Monument Valley Review
Optical illusion-based puzzle games are quickly becoming a genre unto themselves, with indie titles like Antichamber and The Bridge challenging players to leave the basic conventions of reality at the start screen. Ustwo Games' Monument Valley is the latest to encourage its own line of thinking, as players help a mysterious princess navigate the visual tricks of her environment. While Monument Valley is definitely the most polished of this new breed of puzzle games, it is ultimately also the easiest.
Indie games often skate by on rudimentary visuals, but not Monument Valley. Each level sprawls out before the player like a minimalist movie poster, and features its own vibrant color palette and creative flourishes. Monument Valley's surreal towers and castles are adorned in networks of interweaving paths and stairways, which players manipulate with switches and levers that transform the landscape in interesting ways. Towers rotate, staircases unfold, and passageways shift to reveal a path forward. In every level, I paused to admire how gorgeous Monument Valley is, demonstrating an indie game doesn't need a 16-bit art style to be aesthetically appealing.
While Monument Valley's puzzles are visually clever, they don't take much brain power to figure out. Your path through the beautiful landscapes is often obvious, with only a few slides or rotations of environmental objects standing in the way of your goal. That said, Ustwo does a good job of constantly introducing new mechanics, so even though the puzzles are simple, they are rarely repetitive. Elements like path-blocking crows and a totem that can be slid around to reach new areas don't really make the puzzles more challenging, but they change things up just enough to keep players engaged.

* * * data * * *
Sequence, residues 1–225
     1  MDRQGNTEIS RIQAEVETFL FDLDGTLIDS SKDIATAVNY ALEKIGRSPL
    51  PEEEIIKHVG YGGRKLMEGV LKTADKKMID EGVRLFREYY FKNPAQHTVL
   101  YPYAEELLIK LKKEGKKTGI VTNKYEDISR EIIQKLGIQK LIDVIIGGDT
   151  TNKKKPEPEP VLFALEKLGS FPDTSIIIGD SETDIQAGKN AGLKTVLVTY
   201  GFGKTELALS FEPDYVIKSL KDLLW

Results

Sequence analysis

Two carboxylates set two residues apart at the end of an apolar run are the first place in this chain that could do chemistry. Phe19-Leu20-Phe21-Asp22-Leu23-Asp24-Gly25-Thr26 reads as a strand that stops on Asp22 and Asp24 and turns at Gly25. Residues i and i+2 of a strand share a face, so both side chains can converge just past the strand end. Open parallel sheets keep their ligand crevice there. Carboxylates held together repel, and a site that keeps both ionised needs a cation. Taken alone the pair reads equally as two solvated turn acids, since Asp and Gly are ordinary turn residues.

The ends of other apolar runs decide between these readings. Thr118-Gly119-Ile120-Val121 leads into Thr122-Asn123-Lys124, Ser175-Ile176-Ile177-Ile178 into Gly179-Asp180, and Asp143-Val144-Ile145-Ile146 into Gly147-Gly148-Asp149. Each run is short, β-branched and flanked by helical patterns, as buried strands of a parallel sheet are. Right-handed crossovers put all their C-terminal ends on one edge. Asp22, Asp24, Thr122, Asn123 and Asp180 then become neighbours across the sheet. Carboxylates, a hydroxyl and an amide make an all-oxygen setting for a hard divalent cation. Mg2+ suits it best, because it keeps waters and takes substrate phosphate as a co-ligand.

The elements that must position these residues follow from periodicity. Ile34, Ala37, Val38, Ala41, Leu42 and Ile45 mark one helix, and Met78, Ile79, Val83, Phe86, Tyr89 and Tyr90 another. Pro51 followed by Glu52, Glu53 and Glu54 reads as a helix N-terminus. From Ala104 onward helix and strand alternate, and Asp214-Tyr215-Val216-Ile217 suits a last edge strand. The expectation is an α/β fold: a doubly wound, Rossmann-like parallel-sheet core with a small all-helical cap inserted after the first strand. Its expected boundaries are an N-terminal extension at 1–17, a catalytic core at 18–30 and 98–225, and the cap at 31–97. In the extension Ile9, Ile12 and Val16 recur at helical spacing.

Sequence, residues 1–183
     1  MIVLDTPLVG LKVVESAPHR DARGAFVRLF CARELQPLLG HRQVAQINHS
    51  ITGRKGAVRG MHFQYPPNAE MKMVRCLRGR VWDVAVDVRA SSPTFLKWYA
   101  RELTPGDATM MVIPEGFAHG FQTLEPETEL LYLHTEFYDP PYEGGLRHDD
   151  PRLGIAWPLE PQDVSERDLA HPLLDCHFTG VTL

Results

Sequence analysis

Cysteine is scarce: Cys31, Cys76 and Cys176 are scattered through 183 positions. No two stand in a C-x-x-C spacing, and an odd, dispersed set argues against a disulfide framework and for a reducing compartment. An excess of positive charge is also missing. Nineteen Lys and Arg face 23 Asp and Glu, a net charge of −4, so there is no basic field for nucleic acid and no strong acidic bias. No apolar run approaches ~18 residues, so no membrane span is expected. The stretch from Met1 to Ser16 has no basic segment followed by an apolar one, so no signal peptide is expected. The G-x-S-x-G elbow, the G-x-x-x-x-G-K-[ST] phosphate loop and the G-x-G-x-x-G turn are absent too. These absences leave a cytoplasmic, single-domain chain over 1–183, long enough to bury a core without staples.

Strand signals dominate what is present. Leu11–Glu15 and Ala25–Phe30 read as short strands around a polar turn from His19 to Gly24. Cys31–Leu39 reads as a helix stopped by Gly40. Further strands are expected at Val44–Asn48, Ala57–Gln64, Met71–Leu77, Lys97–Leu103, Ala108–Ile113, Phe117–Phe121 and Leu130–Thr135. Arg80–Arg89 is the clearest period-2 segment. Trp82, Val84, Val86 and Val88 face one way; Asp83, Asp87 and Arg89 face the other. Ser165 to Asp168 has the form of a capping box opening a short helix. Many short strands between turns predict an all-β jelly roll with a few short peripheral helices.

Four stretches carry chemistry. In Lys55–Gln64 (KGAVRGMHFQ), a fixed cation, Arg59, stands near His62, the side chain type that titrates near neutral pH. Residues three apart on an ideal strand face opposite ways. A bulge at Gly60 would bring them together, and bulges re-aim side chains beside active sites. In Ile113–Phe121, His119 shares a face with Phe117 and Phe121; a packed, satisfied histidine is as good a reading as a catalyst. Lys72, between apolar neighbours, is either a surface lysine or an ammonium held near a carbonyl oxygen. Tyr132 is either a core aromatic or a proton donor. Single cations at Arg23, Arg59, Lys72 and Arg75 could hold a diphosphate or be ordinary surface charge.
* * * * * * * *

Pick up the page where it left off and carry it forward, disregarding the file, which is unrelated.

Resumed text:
The biggest head-scratcher is the obtuse narrative. Monument Valley seems like it's trying to tell a meaningful story, but the symbolism is so vague it's hard to tell what the developer is trying to convey. Players control a princess who appears to be returning geometric shapes to some ancient monuments; beyond that the story is open to interpretation, and doesn't give the player much to go on.
I often commend developers for not padding out their games with filler content, but Monument Valley is one case where I was left wanting more. The game only features ten levels, with the first few serving to introduce the basic gameplay mechanics. Only the final levels hit a satisfying length and complexity, and then the game is over. That shouldn't detract indie fans from partaking in Monument Valley's wondrous journey, however, which has already landed on my short list for mobile game of the year.